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Proceedings Paper

Tiny Ionospheric Photometers on FORMOSAT-3/COSMIC: on-orbit performance
Author(s): Scott Budzien; Kenneth Dymond; Clayton Coker; Damien Chua
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Paper Abstract

The Tiny Ionospheric Photometer (TIP) sensors aboard the Constellation Observing System for Meterology, Ionosphere and Climate (COSMIC, also called FORMOSAT-3) spacecraft comprise a suite of six nadir-viewing ultraviolet photometers for characterizing the Earth's nightside ionosphere. The TIP instruments complement the ionospheric capabilities of the GPS occultation experiment (GOX) by characterizing horizontal ionospheric density gradients. These photometers target OI 135.6 nm emission produced by ionospheric O++e recombination and measure ionospheric structure with a spatial resolution of 10-30 km. The TIP instrument design had to solve several design challenges in order to achieve its intended science and mission requirements within operational constraints imposed by the spacecraft and budget constraints. The photometers have a simple design which excludes OI 130.4 nm emission and achieves a sensitivity of approximately 500 counts/s/Rayleigh at 135.6nm. The satellites initially orbited in the same plane at 500 km, then over the course of 13 months they were individually raised to their final 800 km orbits in six planes separated by 24° in right ascension. These maneuvers provided opportunities for cross-calibration among the sensors, for multipass observations as the satellites orbit together early in the mission, and for observations at different spatial resolutions as the spacecraft operate at different altitudes. In this paper we evaluate on-orbit sensor performance of the TIP sensors, and discuss improvements for follow-on missions.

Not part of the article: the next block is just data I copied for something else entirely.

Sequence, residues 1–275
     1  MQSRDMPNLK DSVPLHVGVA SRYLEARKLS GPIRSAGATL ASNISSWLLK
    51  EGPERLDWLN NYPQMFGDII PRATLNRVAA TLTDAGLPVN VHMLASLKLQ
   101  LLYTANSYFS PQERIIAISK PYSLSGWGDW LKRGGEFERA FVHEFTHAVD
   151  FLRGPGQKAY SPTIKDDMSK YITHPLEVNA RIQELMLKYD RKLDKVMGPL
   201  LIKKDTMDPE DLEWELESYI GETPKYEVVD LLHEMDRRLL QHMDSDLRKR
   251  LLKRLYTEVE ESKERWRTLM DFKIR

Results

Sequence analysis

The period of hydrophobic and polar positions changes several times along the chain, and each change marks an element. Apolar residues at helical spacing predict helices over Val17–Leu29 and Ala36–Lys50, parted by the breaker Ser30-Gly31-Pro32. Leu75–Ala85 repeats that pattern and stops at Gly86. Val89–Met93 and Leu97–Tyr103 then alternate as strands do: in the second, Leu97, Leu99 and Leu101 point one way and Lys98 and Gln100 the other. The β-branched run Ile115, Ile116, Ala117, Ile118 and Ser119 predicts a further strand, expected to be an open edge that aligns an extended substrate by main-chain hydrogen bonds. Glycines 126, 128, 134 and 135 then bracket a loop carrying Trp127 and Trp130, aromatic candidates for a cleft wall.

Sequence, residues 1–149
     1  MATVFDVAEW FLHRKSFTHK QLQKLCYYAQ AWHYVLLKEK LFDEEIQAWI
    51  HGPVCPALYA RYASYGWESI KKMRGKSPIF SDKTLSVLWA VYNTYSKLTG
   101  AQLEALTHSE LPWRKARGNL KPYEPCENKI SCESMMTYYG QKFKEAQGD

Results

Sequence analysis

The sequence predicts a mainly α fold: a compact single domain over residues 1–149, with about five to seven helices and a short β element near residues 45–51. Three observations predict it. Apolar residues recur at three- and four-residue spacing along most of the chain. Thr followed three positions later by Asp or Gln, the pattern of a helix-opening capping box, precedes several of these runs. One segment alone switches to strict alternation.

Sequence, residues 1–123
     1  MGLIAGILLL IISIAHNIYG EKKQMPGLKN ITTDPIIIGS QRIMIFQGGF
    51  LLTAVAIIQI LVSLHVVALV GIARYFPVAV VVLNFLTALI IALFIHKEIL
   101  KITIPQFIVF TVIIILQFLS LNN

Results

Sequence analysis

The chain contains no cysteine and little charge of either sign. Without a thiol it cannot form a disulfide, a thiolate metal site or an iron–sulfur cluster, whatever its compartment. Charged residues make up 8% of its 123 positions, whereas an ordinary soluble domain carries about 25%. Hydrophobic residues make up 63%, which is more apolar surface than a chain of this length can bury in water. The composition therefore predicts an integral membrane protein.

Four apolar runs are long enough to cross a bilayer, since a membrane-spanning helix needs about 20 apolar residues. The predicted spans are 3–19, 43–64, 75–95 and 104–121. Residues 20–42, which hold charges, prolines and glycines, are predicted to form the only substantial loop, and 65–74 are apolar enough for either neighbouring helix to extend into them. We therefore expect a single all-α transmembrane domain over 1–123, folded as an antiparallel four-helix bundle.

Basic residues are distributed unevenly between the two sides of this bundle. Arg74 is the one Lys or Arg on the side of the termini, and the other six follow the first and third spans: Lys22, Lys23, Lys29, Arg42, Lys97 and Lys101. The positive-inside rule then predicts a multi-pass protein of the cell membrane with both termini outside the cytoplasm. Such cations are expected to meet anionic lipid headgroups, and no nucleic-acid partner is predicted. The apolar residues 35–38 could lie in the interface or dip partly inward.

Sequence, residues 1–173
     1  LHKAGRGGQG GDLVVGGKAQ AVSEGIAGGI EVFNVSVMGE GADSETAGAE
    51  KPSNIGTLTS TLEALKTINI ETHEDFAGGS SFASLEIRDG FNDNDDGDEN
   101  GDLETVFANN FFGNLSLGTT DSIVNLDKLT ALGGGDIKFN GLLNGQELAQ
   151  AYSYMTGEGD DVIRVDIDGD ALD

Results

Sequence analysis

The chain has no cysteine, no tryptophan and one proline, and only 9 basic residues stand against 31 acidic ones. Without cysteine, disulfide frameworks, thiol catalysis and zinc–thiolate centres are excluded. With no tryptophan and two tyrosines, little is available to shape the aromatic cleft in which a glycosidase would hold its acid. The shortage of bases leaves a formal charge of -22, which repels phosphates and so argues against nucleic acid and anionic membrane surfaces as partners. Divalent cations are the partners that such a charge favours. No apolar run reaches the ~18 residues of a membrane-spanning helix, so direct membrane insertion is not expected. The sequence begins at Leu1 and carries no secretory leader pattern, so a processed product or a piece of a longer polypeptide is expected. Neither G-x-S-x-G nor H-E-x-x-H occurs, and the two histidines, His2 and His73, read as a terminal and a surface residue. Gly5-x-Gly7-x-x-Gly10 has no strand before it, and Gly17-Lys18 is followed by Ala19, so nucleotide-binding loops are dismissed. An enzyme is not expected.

Paper Details

Date Published: 23 September 2009
PDF: 11 pages
Proc. SPIE 7438, Solar Physics and Space Weather Instrumentation III, 743813 (23 September 2009); doi: 10.1117/12.826532
Show Author Affiliations
Scott Budzien, Naval Research Lab. (United States)
Kenneth Dymond, Naval Research Lab. (United States)
Clayton Coker, Naval Research Lab. (United States)
Damien Chua, Naval Research Lab. (United States)


Published in SPIE Proceedings Vol. 7438:
Solar Physics and Space Weather Instrumentation III
Silvano Fineschi; Judy A. Fennelly, Editor(s)

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